The lowdown on my rocket stove performance

by ziggy on December 9, 2009 -- 30 comments -- Follow

The past few weeks have been the first real test for my rocket stove with outdoor temperatures dipping below freezing at nights, and daytime temperatures in the 30s-40s. (This week has below freezing daytimes, with wind chills in the negatives – but I am with family in NJ and April is at home tending the stove, so I keep hoping that it works well for her…) I have been firing the stove fairly regularly, and I’ve learned a good deal about its performance – or unfortunate lack of, at crucial times!

First and foremost, the rocket stove does not draw 100% of the time. When the air is still, or when the wind comes from the south (sometimes), the stove hardly draws at all. As you may or may not know, the flue pipe exits at ground level on the south side of the house, but I have added a vertical stack (6″ pipe, not insulated) to get the stack above the eaves (but not higher than the very peak of the roof). The stove is very sensitive to the wind. At times, the draw is so weak that the stove smokes into the house, and we cannot use it. The draw is strongest when there is a wind from the north or northwest. It is obviously not ideal to have to depend on the wind to be able to use the stove, because the house takes a lot of energy to get warm, which leads me to…

The stove takes hours to get warm. I am fairly certain that this should not be the case – that it should be warmer with less time (and wood). After several hours of firing the stove, the barrel just doesn’t get that hot! I am convinced that the heat riser, which is built out of firebrick, is leeching some of the initial heat before it even hits the barrel… this is my guess. I am not certain, though. With the barrel itself taking hours to get really hot, I have little hope that we can get the mass of the cob bed warm. It just doesn’t seem possible with the amount of time and energy it takes to get the whole thing really cranking. It is very difficult to raise the air temperature in the house – it’s been hovering in the low 50s, and after four hours of firing the stove, we can usually only get the air temperature up 3-4 degrees. It’s pretty cold in the house. We have gotten the house to 63 degrees inside, but that was after two days of pretty constant stove firing during the daytime (with a strong north wind).

I am not sure what to do to improve the draw. Rocket stoves are very finicky, and there are many variables to consider. Is it simply because of the two 180 degree turns in the flue pipe in the mass of the bed? Is it because the stack exits horizontally, and is only vertical outside of the house? Is the outdoor stack not tall enough? Is it something in the guts of the barrel, a tight gap somewhere where the gases slow down? Clearly the stove is capable of drawing well (such as on days with a northerly wind). But why does it not draw so well when the air is still?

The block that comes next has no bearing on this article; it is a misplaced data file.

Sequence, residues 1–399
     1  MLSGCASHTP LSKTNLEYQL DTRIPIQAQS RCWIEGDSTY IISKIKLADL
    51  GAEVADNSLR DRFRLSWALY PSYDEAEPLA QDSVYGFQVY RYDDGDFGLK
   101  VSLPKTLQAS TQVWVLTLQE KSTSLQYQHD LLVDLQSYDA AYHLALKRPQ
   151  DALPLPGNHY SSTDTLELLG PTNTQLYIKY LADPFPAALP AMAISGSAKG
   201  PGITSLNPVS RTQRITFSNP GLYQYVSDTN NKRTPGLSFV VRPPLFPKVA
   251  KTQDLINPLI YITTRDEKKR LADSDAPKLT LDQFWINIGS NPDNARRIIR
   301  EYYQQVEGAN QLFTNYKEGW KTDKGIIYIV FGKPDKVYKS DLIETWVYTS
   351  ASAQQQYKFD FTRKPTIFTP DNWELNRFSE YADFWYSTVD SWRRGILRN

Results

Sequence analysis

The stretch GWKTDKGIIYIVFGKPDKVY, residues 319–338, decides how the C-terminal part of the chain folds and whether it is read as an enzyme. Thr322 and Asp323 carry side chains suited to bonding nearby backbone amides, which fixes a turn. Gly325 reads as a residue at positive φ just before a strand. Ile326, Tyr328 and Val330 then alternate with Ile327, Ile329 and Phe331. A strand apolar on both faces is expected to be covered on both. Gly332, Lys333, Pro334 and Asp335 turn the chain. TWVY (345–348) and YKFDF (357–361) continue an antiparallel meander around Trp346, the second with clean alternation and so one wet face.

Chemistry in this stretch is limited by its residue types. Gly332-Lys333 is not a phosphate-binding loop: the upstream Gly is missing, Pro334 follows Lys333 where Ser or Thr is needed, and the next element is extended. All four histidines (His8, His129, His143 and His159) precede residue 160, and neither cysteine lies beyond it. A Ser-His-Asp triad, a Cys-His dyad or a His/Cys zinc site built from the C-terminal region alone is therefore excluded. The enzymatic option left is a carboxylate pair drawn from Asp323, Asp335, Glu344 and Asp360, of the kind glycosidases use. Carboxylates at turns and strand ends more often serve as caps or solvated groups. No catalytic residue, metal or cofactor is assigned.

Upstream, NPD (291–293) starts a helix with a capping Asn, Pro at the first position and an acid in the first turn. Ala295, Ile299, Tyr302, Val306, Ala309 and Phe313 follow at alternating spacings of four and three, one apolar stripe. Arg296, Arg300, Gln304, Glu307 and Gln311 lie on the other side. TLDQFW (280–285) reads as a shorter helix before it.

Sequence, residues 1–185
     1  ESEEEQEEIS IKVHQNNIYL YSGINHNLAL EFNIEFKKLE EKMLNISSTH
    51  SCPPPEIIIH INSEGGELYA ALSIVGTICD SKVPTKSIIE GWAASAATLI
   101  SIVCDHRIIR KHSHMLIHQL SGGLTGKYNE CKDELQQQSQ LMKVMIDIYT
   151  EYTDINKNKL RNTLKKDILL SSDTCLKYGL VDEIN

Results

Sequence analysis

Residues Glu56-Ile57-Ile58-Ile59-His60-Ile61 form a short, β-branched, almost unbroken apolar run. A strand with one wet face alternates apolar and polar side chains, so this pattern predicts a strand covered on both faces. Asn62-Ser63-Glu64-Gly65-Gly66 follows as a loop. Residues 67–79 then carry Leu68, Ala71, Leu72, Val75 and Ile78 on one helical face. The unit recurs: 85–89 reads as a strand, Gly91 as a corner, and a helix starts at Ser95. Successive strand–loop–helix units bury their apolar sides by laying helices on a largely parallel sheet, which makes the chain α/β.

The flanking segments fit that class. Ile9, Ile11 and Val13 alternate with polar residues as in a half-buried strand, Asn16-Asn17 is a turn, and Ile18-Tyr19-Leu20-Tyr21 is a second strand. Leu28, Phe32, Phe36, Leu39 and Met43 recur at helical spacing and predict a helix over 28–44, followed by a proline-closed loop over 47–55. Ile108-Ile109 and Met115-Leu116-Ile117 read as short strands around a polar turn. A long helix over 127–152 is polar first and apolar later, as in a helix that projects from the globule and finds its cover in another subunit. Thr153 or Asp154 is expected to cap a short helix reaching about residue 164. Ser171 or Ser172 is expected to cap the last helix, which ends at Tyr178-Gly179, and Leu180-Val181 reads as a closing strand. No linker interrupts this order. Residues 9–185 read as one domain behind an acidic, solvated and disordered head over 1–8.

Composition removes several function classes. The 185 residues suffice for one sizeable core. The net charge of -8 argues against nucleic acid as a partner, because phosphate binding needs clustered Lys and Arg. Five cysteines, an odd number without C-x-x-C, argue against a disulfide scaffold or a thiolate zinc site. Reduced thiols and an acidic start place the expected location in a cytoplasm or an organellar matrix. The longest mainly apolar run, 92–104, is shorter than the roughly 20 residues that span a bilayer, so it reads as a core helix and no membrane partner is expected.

And for getting it hotter faster, switching out the firebrick heat riser is only my theory. It could be because I am using a 6″ system, and the stove has a small firebox, too. There is only so much wood we can burn at a time. (By the way, it is good firewood – kiln dried oak scrap wood from a furniture place, mostly. Very small dimensional pieces.) But that barrel should get way hotter way faster!

Rocket stoves present a huge learning experience. Clearly this stove is not perfect, and it would be naive to think it would work without a hitch in its first iteration (and I have never built one of these things before, either.) But I do hope some solution can be achieved, because it could use some improvements! Brrr….

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  • My understanding of stoves is that a taller chimney is better for draw but harder to start the draw. A hot fire is best to start the draw but with smaller pieces of kiln dried oak you should be covered on that. It might be that with the long flat part through the bench a shorter chimney would work better. When the wind is blowing from the north is the house in front, behind or next to the chimney?

    As for efficiency, is there a fresh air intake for the burn box? I looked at the pictures in your build blog entries but didn’t see one. Without one cold air is being sucked through the cracks around doors and windows and warmed air is being sucked up the chimney.

  • Hey Ryan: The outdoor stack is on the south side of the building, so the house would be in front with a north wind. There is no fresh air intake. I’ve wondered if it would help with things, yea…. I would have to bust a hole in the north walll (no small task) and reconfigure the stove a bit for that, too…

  • Bryan

    Hey if you can drill a hole about 1inch So you can get
    A flex tube in it then on the inside of the house get the flex